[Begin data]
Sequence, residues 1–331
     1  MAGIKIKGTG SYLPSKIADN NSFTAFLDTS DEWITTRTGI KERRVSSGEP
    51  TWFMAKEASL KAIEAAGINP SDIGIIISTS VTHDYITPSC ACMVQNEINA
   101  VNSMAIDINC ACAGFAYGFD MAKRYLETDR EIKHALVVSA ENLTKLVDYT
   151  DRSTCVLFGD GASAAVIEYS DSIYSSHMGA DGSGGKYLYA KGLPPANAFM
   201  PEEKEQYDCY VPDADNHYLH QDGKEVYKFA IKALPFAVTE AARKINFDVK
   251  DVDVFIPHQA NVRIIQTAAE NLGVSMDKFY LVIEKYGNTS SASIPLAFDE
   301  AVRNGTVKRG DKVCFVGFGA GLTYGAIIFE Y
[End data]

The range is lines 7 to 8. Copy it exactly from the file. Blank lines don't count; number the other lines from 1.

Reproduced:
   251  DVDVFIPHQA NVRIIQTAAE NLGVSMDKFY LVIEKYGNTS SASIPLAFDE
   301  AVRNGTVKRG DKVCFVGFGA GLTYGAIIFE Y